Serious news finds a place in the silly season

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The Independent Online
For the dog days of August, this has been a good week for financial news. Perpetual threatened to vote against the life assurance merger between United Friendly and Refuge, claiming the terms were too cosy and, in any case, unfair on Refuge shareholders; Clare Spottiswoode announced a climbdown on proposed price controls for British Gas, which actually turned out to be not much of a compromise at all; the stock market reached a new all-time high - not that there were many in town to notice it - as the Bundesbank threw caution to the winds and cut the German repo rate to just 3 per cent; tobacco industry shares went up in smoke; and then, finally, there was that elusive brewing merger, which was finally meant to happen yesterday and then finally didn't, or at any rate not in time for anyone in the City to know about it as they rushed off early for the long weekend break.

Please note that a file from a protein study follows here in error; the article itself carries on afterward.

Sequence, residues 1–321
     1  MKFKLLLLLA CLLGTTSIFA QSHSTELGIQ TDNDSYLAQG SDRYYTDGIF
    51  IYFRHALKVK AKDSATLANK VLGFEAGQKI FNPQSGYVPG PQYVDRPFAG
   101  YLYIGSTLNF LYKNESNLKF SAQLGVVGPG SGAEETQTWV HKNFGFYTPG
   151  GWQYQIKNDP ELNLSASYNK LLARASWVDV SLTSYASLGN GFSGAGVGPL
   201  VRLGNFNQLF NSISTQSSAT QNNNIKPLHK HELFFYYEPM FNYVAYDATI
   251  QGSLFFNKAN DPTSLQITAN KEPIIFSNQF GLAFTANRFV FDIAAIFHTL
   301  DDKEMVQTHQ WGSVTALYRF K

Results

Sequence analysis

Herein lies my theme. It's a funny thing about August, but even when there is important and serious news to be reported there is an awful temptation to treat it in a flippant and trivial manner. And I'm not the only one. Take the shenanigans over the United Friendly/Refuge tie up. When I phoned Refuge's financial advisers, Phoenix Securities, to ask about Perpetual's concerns, they put it all down to the silly season. "I wouldn't take it too seriously if I were you", an ever so annoying representative purred. "It's mainly down to the fact that you chaps in the press have nothing to write about in August and fund managers not a lot to do". So that's why Perpetual, one of Refuge's largest shareholders, is so worked up about it all, is it? Just end of summer madness. Well I never.